Strenuous Acute Exercise Induces Slow and Fast Twitch-Dependent NADPH Oxidase Expression in Rat Skeletal Muscle.Antioxidants (Basel) 2020; 9(1)A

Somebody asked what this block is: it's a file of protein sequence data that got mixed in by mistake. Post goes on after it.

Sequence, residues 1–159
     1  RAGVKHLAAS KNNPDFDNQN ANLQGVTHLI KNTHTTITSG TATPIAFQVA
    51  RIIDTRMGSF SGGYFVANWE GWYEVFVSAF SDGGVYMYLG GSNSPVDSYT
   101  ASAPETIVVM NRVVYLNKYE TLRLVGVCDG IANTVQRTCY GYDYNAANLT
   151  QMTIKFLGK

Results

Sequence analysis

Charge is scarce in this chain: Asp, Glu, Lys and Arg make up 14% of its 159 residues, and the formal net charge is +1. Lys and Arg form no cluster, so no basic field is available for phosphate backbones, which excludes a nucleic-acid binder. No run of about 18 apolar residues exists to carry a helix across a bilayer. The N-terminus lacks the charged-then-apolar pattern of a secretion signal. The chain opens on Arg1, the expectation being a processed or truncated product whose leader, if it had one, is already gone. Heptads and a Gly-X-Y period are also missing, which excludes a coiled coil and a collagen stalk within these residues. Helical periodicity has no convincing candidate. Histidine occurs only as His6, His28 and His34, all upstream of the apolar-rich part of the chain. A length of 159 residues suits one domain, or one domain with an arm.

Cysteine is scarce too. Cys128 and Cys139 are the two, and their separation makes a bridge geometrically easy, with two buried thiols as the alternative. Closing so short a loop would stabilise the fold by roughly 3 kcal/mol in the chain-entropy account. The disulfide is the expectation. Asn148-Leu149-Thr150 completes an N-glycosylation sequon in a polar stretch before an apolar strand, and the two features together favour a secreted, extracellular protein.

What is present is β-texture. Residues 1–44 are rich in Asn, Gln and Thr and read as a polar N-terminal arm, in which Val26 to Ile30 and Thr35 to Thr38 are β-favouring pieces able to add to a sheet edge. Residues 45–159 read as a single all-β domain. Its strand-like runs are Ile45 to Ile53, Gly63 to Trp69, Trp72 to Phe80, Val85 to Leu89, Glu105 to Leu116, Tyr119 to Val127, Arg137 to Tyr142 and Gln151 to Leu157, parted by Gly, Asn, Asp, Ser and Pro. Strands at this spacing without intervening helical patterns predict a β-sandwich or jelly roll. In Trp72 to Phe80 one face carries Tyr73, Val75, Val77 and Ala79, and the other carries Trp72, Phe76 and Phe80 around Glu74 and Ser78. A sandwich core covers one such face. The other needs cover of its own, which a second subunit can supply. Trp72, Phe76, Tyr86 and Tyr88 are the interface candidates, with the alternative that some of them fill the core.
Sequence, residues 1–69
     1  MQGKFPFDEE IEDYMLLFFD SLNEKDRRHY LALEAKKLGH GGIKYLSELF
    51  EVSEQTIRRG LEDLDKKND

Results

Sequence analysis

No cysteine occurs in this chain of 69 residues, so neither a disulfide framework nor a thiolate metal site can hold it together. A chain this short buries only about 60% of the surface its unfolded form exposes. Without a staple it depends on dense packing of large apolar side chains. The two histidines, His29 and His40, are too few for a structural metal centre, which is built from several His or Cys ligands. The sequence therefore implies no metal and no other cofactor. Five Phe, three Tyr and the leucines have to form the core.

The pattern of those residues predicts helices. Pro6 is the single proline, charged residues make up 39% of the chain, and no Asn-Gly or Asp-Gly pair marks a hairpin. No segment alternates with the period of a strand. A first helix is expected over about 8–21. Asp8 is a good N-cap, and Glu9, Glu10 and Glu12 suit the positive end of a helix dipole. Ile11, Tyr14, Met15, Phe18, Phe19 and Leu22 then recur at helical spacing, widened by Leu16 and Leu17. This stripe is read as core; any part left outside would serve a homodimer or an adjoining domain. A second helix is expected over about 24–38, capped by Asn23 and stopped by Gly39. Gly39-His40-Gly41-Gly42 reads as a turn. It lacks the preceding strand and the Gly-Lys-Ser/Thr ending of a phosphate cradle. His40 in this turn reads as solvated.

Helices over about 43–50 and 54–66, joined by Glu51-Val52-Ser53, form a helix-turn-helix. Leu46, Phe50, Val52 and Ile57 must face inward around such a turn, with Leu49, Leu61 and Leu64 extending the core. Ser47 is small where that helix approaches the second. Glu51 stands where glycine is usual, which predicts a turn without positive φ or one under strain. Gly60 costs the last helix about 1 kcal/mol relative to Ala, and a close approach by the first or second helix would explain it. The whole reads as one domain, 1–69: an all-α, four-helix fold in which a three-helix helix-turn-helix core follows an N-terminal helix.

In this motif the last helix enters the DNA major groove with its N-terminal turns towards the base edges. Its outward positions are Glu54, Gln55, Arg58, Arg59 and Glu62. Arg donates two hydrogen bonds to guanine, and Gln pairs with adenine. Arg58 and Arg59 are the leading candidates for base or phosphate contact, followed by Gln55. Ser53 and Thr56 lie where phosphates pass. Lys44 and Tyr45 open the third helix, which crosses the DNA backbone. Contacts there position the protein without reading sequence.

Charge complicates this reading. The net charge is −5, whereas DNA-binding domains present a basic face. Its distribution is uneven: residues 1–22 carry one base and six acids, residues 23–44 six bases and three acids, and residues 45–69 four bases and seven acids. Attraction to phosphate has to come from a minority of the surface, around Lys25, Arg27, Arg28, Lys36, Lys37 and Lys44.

The enzymatic complex Nicotinamide Adenine Dinucleotide Phosphate (NADPH) oxidase (NOx) may be the principal source of reactive oxygen species (ROS). The NOX2 and NOX4 isoforms are tissue-dependent and are differentially expressed in slow-twitch fibers (type I fibers) and fast-twitch fibers (type II fibers) of skeletal muscle, making them different markers of ROS metabolism induced by physical exercise. The aim of this study was to investigate NOx signaling, as a non-adaptive and non-cumulative response, in the predominant fiber types of rat skeletal muscles 24 h after one strenuous treadmill exercise session. The levels of mRNA, reduced glycogen, thiol content, NOx, superoxide dismutase, catalase, glutathione peroxidase activity, and PPARGC1α and SLC2A4 gene expression were measured in the white gastrocnemius (WG) portion, the red gastrocnemius (RG) portion, and the soleus muscle (SOL). NOx activity showed higher values in the SOL muscle compared to the RG and WG portions. The same was true of the NOX2 and NOX4 mRNA levels, antioxidant enzymatic activities, glycogen content. Twenty-four hours after the strenuous exercise session, NOx expression increased in slow-twitch oxidative fibers. The acute strenuous exercise condition showed an attenuation of oxidative stress and an upregulation of antioxidant activity through PPARGC1α gene activity, antioxidant defense adaptations, and differential gene expression according to the predominant fiber type. The most prominent location of detoxification (indicated by NOX4 activation) in the slow-twitch oxidative SOL muscle was the mitochondria, while the fast-twitch oxidative RG portion showed a more cytosolic location. Glycolytic metabolism in the WG portion suggested possible NOX2/NOX4 non-regulation, indicating other possible ROS regulation pathways.